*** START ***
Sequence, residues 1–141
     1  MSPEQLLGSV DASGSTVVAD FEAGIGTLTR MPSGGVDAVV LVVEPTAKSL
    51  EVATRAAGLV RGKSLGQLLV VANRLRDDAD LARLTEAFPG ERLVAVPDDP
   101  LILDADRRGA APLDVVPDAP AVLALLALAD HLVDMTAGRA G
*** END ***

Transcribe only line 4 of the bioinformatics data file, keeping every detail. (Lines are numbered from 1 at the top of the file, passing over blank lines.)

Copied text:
   101  LILDADRRGA APLDVVPDAP AVLALLALAD HLVDMTAGRA G